Building an Autonomous Vehicle: The Batmobile
As with any project, we had a large number of problems and hurdles to overcome along the way. Here are a few that really hurt.
** EMI and GPS **
The Laser tape measures caused significant interference with GPS reception. We eventually moved the GPS module to the rear of the car, which improved positional accuracy. However, the motor caused interference with the compass.
** DC Motor EMF **
DC motors produce a ton of electromagnetic noise. We originally had the 48V battery powering the entire car. However, when the motor would kick on, it would cause enough ripple to make the Brain glitch and reset. We tried powering the I2C bus separately, but, because the Locomotion Controller needed to be attached to the motor controller, a GND connection had to be shared. The noise eventually found its way over the I2C bus. In the future we will optically isolate the I2C bus.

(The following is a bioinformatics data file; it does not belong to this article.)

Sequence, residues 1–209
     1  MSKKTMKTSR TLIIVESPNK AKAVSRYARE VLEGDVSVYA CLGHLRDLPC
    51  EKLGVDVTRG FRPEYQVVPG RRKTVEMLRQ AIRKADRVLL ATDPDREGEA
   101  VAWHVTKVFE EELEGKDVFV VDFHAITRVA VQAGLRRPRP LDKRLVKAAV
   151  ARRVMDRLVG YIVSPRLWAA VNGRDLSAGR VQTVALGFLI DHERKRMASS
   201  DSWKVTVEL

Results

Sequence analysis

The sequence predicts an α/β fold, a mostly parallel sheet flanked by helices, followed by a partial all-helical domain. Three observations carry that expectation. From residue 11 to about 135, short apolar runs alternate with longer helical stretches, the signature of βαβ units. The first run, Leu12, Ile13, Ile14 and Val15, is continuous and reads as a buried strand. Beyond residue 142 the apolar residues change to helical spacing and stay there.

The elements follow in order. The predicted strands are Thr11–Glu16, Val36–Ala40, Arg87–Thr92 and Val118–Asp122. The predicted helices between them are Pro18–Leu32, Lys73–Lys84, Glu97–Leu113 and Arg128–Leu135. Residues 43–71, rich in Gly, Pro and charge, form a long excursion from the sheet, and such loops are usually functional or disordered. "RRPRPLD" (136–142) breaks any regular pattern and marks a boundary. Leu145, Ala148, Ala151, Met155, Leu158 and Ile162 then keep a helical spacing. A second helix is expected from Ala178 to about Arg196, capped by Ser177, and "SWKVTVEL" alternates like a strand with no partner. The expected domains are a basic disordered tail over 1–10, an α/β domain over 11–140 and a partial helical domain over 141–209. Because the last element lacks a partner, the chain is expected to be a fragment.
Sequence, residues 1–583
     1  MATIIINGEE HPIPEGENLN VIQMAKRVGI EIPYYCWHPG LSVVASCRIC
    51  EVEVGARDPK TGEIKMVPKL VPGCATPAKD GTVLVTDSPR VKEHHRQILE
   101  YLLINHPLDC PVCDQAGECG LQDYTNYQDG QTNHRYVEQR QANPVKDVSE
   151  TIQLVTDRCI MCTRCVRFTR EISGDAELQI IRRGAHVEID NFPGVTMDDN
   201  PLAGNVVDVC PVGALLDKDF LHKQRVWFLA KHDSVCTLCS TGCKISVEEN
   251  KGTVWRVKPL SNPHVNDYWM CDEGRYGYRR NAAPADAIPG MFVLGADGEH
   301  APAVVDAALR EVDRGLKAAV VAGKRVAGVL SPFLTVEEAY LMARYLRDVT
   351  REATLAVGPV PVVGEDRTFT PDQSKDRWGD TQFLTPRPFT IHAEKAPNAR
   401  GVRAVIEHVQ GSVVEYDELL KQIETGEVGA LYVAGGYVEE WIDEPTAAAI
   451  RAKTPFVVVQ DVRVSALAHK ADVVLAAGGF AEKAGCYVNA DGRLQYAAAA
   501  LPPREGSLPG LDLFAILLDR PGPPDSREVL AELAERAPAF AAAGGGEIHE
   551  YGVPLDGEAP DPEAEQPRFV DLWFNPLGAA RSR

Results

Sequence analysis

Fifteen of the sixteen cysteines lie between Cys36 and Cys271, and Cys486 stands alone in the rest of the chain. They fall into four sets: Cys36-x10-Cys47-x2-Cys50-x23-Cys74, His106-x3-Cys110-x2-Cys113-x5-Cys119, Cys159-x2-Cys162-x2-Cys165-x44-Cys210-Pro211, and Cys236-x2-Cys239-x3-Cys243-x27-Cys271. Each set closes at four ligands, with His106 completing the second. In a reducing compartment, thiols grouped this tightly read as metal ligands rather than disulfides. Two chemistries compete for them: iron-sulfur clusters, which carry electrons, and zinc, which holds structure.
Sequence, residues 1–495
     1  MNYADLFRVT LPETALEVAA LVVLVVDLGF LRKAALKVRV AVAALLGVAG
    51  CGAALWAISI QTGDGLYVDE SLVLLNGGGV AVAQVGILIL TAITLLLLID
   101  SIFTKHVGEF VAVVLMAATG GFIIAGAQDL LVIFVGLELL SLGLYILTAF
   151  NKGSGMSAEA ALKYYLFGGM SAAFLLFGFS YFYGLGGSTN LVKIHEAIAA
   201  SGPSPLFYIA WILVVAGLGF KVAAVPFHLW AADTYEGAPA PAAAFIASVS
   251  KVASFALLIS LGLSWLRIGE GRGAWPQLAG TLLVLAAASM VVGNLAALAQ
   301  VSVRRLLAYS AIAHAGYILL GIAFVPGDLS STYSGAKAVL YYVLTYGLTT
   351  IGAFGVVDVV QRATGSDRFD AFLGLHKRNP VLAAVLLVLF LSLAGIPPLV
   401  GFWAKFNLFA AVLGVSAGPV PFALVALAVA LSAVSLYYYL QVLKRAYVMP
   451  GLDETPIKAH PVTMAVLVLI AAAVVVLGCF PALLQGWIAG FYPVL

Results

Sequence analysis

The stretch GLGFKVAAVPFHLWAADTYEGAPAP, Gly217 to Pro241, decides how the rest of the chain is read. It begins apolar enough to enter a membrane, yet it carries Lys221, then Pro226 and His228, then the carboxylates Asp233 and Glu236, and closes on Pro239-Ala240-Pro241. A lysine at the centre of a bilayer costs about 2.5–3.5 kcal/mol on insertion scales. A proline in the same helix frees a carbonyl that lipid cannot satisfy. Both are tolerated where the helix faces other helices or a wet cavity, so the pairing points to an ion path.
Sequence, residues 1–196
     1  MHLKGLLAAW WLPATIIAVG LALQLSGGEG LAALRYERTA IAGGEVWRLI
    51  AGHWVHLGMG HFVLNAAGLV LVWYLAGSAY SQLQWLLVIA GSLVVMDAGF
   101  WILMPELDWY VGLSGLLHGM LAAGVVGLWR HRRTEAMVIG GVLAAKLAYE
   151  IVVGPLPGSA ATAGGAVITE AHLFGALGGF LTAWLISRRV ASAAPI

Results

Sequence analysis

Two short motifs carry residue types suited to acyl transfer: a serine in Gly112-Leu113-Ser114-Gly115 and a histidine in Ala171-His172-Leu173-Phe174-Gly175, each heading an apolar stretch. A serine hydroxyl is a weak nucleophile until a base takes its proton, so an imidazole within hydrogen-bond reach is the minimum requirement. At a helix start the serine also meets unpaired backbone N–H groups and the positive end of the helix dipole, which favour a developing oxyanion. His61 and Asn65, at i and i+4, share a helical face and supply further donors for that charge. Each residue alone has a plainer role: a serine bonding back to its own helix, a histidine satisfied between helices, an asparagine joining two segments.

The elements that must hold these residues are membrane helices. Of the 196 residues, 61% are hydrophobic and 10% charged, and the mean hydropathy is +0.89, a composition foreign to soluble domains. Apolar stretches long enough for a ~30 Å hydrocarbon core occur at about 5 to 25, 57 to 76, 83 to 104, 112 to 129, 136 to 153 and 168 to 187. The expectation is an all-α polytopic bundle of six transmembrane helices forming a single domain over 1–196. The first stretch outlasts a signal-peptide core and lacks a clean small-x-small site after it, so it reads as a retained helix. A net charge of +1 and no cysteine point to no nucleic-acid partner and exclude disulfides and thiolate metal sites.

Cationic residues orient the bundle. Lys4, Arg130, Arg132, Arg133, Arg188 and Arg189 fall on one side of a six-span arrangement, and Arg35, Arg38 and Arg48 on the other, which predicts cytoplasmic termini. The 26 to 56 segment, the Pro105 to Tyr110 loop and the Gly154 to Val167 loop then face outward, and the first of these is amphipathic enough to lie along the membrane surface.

** Lack of EEPROM **
Because the SAMD21 doesn’t have internal EEPROM, we were unable to store GPS waypoints on the board. We fixed this by using an I2C-based EEPROM.
** Switching Steering Between Driver/Driverless **
It was difficult to attach and detach the linear actuator from the rack and pinion steering. Once the actuator was attached to the steering, a driver could not actively steer (for example, to the starting line). This could be fixed with a different actuator that could be back-driven, or we could go full monty and detach the steering column from the steering and have it control a trimpot that, in turn, controls the linear actuator (drive by wire).